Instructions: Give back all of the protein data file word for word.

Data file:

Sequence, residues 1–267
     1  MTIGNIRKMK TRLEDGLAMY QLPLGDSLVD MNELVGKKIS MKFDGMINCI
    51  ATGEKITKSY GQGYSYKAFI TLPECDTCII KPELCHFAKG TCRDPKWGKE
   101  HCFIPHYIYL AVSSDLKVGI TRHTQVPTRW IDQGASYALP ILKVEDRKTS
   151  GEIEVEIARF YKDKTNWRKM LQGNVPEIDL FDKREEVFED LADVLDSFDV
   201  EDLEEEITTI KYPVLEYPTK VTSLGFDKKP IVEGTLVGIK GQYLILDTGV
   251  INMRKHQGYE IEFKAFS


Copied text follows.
Sequence, residues 1–267
     1  MTIGNIRKMK TRLEDGLAMY QLPLGDSLVD MNELVGKKIS MKFDGMINCI
    51  ATGEKITKSY GQGYSYKAFI TLPECDTCII KPELCHFAKG TCRDPKWGKE
   101  HCFIPHYIYL AVSSDLKVGI TRHTQVPTRW IDQGASYALP ILKVEDRKTS
   151  GEIEVEIARF YKDKTNWRKM LQGNVPEIDL FDKREEVFED LADVLDSFDV
   201  EDLEEEITTI KYPVLEYPTK VTSLGFDKKP IVEGTLVGIK GQYLILDTGV
   251  INMRKHQGYE IEFKAFS